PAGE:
The noise was like a hum, not a nice gentle hum like a bumble bee flying by; no this was a nasty, raspy hum, like a circular saw trying to get purchase on a particularly tough piece of wood. Listening to the chat group on 80 meters with that noise under it would be tiring on the ears.

Soooo, what to do? Then I plugged in the BHI Compact In-line Noise Eliminating Module into the headphone socket of the Satellit 800 and then plug headphones into the BHI device.

Turning on the BHI module, I adjusted the level of noise reduction, and – tah dah! – the noise just melted away. I could hear the conversation clearly, and all that was left of the noise was the trickling water sound that is an artifact of the noise reduction algorithm.

Sometimes, the right gear just works.

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Testing the MFJ-1886 Receive Loop Antenna

By Jock Elliott, KB2GOM

Hang out any place online where shortwave listeners gather, and you won’t have to wait long before you hear something like this: “I recently moved to a condo, apartment, or house where there is a home-owners association. Listening conditions are pretty rotten, and I cannot string up outdoor antennas because of physical constraints or HOA rules . . . help!”

Ever since I got back into SWLing nearly two years ago, I have faced similar issues, as I explained here. During that time, I have frequently read that amplified small loop antennas work pretty darn well, and that has piqued my curiosity.

A couple of days ago, the good folks at MFJ (an SWLing.com sponsor) sent me their MFJ-1886 receiving loop antenna. Weighing just 2.5 pounds, the 1886 is a 36-inch-diameter loop of aircraft-grade with an amplifier attached in a weatherproof enclosure. Designed for receiving only, it covers .5 to 30 MHz.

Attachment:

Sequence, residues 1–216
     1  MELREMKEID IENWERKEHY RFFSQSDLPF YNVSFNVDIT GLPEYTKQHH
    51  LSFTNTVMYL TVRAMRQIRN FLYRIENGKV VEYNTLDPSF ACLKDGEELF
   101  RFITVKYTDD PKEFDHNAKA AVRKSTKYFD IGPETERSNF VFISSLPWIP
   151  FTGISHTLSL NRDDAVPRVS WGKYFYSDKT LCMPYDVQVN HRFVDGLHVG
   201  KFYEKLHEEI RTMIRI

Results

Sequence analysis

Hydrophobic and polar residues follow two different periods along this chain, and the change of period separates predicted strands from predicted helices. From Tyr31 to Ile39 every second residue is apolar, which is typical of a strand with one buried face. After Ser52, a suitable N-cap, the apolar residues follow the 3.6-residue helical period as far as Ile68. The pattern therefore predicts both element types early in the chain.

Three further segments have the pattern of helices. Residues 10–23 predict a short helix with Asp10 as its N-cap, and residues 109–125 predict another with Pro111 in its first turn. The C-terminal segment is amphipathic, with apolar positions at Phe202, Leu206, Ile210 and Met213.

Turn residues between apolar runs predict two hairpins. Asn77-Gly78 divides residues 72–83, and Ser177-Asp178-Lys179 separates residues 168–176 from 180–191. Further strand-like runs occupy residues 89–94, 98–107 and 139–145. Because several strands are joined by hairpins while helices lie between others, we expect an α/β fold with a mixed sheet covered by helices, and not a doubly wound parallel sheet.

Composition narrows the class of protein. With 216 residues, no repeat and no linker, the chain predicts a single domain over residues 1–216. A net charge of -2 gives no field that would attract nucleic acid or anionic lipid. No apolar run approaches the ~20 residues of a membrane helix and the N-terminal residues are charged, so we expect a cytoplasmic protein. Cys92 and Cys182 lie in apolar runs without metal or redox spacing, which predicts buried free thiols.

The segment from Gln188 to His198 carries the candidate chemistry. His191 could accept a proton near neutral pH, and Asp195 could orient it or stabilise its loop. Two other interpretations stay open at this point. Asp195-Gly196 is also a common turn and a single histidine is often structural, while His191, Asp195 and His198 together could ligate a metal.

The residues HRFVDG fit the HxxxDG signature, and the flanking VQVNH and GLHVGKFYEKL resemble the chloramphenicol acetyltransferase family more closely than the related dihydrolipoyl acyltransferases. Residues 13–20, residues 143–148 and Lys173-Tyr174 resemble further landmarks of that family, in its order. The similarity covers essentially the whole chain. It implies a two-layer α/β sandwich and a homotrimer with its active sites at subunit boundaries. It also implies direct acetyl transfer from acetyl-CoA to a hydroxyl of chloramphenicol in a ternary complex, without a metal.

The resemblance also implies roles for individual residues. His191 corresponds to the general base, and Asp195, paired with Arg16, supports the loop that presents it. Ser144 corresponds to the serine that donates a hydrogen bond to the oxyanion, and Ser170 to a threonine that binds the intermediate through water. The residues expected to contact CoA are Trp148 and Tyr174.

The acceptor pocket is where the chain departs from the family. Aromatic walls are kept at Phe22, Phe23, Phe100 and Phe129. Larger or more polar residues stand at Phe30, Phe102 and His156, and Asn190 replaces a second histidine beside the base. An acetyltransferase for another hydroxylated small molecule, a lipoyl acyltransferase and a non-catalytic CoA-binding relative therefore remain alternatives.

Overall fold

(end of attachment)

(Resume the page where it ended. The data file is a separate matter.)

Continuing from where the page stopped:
The fit and finish of the 1886 is, in my opinion, great. Looking at the seamless loop and the molded enclosure for the amplifier, I have no reason to doubt what MFJ has to say about it: the MFJ-1886 is weather-sealed, very ruggedly constructed, and mechanically stable under all weather conditions. In fact, you can mount it permanently on any inexpensive TV rotor and direct it from the comfort of your shack . . . it also installs easily on a tripod or handheld mast for portable use.

From MFJ’s manual for the 1886 loop.

Important: the 1886 loop is a directional antenna. If you are looking through the open area in the middle of the loop (the flat side, if you will), you are looking in the direction in which the antenna tends to null out signals . . . in both directions. If you are sighting along the edge of the loop (at right angles to the flat side), that is the direction in which the antenna produces the most gain. As a result, you will get the most utility out of the 1886 if you can mount it in such a way that you can rotate it to maximize gain and/or null out noise or interfering signals as needed.